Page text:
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Evaluation of Fire-Retardant Treated Laminated Veneer Lumber: Final Report — Part 1 of 2

https://research.thinkwood.com/en/permalink/catalogue2502
Year of Publication
2020
Topic
Fire
Mechanical Properties
Material
LVL (Laminated Veneer Lumber)
Application
Wood Building Systems

Evaluation of Fire-Retardant Treated Structural Glued Laminated Timber: Final Report - Part 2 of 2

https://research.thinkwood.com/en/permalink/catalogue2590
Year of Publication
2020
Topic
Fire
Material
Glulam (Glue-Laminated Timber)
Author
Yeh, Borjen
Chen, Jessie
Zelinka, Sam
Organization
APA – The Engineered Wood Association
Year of Publication
2020
Country of Publication
United States
Format
Report
Material
Glulam (Glue-Laminated Timber)
Topic
Fire
Keywords
Fire-Retardant-Treatment (FRT)
Hygrothermal
Structural
Language
English
Research Status
Complete
Summary
This report contains test results for the fire-retardant-treatment (FRT) and hygrothermal effects on structural glued laminated timber (glulam). This is the second part of the collaborative research project between ABA - The Engineered Wood Association, Tacoma, WA, and USDA Forest Products Laboratory (FPL), Madison, WI. The first part of this project is related to FRT laminated veneer lumber (LVL) and the results are provided in a separate research report. Selected mechanical properties, including tension, bending, and shear of the FRT glulam treated with the American Wood Protection ASsociation (AWPA) P49 and P50 fire retardants were evaluated in this study. These results are used to support the development of an ASTM standard for FRT glulam.
Online Access
Free
Resource Link
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Solutions for Mid-Rise Wood Construction: Full-Scale Standard Fire Test for Exterior Wall Assembly Using a Simulated Cross-Laminated Timber Wall Assembly with Interior Fire-Retardant-Treated Plywood Sheathing

https://research.thinkwood.com/en/permalink/catalogue743
Year of Publication
2014
Topic
Design and Systems
Fire
Material
CLT (Cross-Laminated Timber)
Light Frame (Lumber+Panels)
Application
Walls
Author
Gibbs, Eric
Taber, Bruce
Lougheed, Gary
Su, Joseph
Bénichou, Noureddine
Organization
National Research Council of Canada
Year of Publication
2014
Country of Publication
Canada
Format
Report
Material
CLT (Cross-Laminated Timber)
Light Frame (Lumber+Panels)
Application
Walls
Topic
Design and Systems
Fire
Keywords
Mid-Rise
Exterior Wall
Language
English
Research Status
Complete
Summary
One of the tasks in the project, Wood and Wood-Hybrid Midrise Buildings, was to develop further information and data for use in developing generic exterior wall systems for use in mid-rise buildings using either lightweight wood frame or cross-laminated timber as the structural elements. This report describes a standard full-scale exterior wall fire test conducted on October 30, 2012 on a simulated cross-laminated timber (CLT) wall assembly with an attached insulated lightweight wood frame assembly protected using interior fire-retardant-treated (FRT) plywood sheathing. The test was conducted in accordance with CAN/ULC-S134 [3].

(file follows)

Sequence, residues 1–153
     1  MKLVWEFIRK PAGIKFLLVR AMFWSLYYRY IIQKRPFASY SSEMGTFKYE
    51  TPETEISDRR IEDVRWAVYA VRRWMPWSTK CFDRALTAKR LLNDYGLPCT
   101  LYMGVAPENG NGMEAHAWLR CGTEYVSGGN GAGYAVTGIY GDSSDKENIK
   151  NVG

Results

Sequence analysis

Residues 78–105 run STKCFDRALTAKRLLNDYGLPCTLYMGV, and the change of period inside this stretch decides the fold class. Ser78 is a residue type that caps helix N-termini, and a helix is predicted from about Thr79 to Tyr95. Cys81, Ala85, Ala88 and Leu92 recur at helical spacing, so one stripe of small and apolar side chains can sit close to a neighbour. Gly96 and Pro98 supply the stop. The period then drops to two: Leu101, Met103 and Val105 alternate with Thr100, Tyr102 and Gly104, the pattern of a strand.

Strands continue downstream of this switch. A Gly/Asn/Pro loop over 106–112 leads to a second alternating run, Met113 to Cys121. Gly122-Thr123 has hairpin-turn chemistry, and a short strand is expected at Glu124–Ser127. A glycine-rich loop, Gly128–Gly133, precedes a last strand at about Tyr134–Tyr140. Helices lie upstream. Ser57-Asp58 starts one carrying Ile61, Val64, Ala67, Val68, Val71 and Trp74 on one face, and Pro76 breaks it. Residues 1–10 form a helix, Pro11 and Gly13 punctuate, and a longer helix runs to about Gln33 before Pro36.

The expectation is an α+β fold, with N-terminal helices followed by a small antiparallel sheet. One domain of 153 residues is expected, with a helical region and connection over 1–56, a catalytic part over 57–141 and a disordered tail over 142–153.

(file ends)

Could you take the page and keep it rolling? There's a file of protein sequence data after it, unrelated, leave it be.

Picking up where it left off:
Online Access
Free
Resource Link
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Evaluation of Uniformity of Bamboo Bundle Veneer and Bamboo Bundle Laminated Veneer Lumber (BLVL)

https://research.thinkwood.com/en/permalink/catalogue2475
Year of Publication
2019
Topic
Mechanical Properties
Material
LVL (Laminated Veneer Lumber)
Other Materials
Author
Zhou, Haiying
Wei, Xin
Smith, Lee
Wang, Ge
Chen, Fuming
Publisher
MDPI
Year of Publication
2019
Country of Publication
Switzerland
Format
Journal Article
Material
LVL (Laminated Veneer Lumber)
Other Materials
Topic
Mechanical Properties
Keywords
Density
Light Transmittance
Stiffness
Language
English
Research Status
Complete
Series
Forests
Online Access
Free
Resource Link
Less detail

Solutions for Mid-Rise Wood Construction: Full-Scale Standard Fire Test for Exterior Wall Assembly using Lightweight Wood Frame Construction with Interior Fire-Retardant-Treated Plywood Sheathing

https://research.thinkwood.com/en/permalink/catalogue348
Year of Publication
2014
Topic
Fire
Material
Light Frame (Lumber+Panels)
Application
Wood Building Systems
Author
Gibbs, Eric
Taber, Bruce
Lougheed, Gary
Su, Joseph
Bénichou, Noureddine
Organization
National Research Council of Canada
Year of Publication
2014
Country of Publication
Canada
Format
Report
Material
Light Frame (Lumber+Panels)
Application
Wood Building Systems
Topic
Fire
Keywords
Mid-Rise
Exterior Wall
Language
English
Research Status
Complete
Summary